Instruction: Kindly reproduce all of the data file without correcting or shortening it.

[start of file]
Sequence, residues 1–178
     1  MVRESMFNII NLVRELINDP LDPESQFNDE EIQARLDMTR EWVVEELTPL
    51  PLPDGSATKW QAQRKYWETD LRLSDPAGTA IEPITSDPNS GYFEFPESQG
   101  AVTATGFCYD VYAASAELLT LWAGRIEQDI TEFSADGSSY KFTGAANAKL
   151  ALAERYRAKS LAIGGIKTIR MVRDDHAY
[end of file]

Sequence, residues 1–178
     1  MVRESMFNII NLVRELINDP LDPESQFNDE EIQARLDMTR EWVVEELTPL
    51  PLPDGSATKW QAQRKYWETD LRLSDPAGTA IEPITSDPNS GYFEFPESQG
   101  AVTATGFCYD VYAASAELLT LWAGRIEQDI TEFSADGSSY KFTGAANAKL
   151  ALAERYRAKS LAIGGIKTIR MVRDDHAY